British director Ken Loach makes a striking comparison, in his contribution, that compares the deadly day in 2001 with another event that occurred on the same date (and with similar numbers of dead in its aftermath) - the overthrow of the elected government of Chile in 1973. He makes a statement about America's past policies and compares them to the outrage of the terrorist attack three decades later. This is a very "food for thought" piece and will appeal to us left-wing history buffs.
The other makers invited have works of varying degrees of appeal. Mira Nair tells an austere true-life story of an Indian man who is one of the many who disappeared in the explosive disaster of the crashing Towers. He is, unjustly, marked as one of the terrorist because he physically fit the profile. His mother would not accept this verdict and is vindicated when, as the dead are accounted for, it is discovered that her son, was, in fact, one of the heroes of the day, sacrificing his life for the sake of others. Sean Penn directs Ernest Borgnine in a melancholy tale about an old widower who never let go of his wife's presence long after her death. There is a bittersweet moment as, with the Tower's down, sunlight returns to his dim apartment but the enlightenment carries with it the realization of the truth.
Danis Tanovic, whose "No Man's Land" made such a powerful statement about the absurdity of war, tries to bring the 11 September event into the fold of the Bosnian civil war. Egyptian Youssef Chahine compares the attack on the Trade Center with America's incursion into Lebanon through the eyes of one of the dead Marines killed in the terrible barracks bombing that killed hundreds. Israeli director Amos Gitai tells the story of a Tel Aviv reporter at the scene of another terrorist bombing in the city's streets. As the police and emergency personnel leap to the fore, she is trying to get her producer to give her air time. She fights to be heard and, finally, is about to broadcast when she is preempted by another, more deadly bombing taking place in New York City.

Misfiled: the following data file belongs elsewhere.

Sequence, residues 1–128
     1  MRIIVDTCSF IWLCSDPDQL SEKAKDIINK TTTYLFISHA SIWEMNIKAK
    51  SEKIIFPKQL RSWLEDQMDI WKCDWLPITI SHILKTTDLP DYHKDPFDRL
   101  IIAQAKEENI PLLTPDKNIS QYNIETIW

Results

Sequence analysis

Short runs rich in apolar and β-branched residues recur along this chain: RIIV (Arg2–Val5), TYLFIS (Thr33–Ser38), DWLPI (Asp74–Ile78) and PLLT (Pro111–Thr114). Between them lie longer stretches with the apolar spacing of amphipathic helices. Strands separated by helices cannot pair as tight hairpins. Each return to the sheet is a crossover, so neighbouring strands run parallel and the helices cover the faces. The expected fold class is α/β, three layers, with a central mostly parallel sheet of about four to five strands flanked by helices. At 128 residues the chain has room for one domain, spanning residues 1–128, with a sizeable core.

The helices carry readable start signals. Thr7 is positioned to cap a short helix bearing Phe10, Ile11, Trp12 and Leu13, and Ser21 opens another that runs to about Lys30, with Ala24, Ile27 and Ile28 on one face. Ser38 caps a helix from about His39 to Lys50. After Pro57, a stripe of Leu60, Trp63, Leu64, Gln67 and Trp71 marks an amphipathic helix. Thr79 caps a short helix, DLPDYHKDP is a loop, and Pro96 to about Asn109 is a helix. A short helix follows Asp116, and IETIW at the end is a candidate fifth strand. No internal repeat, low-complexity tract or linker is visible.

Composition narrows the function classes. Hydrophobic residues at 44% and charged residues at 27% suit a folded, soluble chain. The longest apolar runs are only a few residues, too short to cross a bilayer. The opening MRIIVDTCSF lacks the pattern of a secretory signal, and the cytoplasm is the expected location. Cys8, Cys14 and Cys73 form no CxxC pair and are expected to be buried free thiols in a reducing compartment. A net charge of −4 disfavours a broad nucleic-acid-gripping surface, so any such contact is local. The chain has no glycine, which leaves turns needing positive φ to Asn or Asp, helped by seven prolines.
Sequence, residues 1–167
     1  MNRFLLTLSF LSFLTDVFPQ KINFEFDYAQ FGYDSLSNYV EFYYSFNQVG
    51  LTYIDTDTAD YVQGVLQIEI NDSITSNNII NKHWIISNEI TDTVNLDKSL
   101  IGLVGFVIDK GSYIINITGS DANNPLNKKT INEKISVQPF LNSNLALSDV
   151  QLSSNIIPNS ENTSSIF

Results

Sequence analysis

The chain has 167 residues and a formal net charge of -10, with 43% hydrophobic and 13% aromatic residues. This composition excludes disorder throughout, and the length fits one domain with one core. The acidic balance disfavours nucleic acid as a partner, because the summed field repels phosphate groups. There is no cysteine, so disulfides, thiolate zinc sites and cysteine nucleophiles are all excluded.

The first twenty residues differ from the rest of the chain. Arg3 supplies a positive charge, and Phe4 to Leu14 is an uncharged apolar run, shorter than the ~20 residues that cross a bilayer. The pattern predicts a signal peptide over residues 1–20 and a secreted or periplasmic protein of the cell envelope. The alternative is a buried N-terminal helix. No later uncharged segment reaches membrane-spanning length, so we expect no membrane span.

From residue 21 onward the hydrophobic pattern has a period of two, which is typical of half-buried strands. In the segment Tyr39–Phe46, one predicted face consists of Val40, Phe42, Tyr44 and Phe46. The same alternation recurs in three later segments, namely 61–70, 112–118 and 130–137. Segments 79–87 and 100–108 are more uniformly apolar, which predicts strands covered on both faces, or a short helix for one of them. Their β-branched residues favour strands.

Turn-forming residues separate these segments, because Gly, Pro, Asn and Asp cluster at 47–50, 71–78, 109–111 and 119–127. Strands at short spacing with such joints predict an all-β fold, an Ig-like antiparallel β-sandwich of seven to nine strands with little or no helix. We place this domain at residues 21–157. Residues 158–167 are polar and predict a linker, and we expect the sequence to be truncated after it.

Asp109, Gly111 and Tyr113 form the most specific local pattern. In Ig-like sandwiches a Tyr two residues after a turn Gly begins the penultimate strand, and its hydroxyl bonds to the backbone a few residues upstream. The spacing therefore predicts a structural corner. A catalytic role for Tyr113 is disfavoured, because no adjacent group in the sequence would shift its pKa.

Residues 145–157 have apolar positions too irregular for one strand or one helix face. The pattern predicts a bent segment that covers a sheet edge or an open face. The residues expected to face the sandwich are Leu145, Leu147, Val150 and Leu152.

French director Claude Lelouch lends an unusual perspective of events with a deaf French woman living with a guide for hearing impaired children. He is leading such a tour that day and she has the television on as we, not she, watch the terrible events unfold and feel the uncertainty of survival before she even realizes what had happened. Japanese auteur Shohei Imamura creates a metaphor involving the nuclear bombing of Hiroshima and a return Imperial soldier who thinks he's a snake - this one gave me the most pause as I wondered what the heck Imamura means.
"September 11" is an imaginative collection of both newcomer and tried and true filmmakers who state their minds on that earth-shattering day in 2001. For the most part it reaches our hearts and minds. There have been many diatribes at the sometimes anti-US bent of some of the works but this is closed-minded thinking. If anything, the cowardly attack on innocents should reinforce our gratefulness of the Bill of Rights that protect our rights to have freedom, real freedom - speech, assembly and all others dictated in our Constitution.
"11'09"01 - September 11" is a work that has resonance even two years after that day. Some of the contributions have more impact than others but, in its total, is a work that should be seen by all. I give it a B+.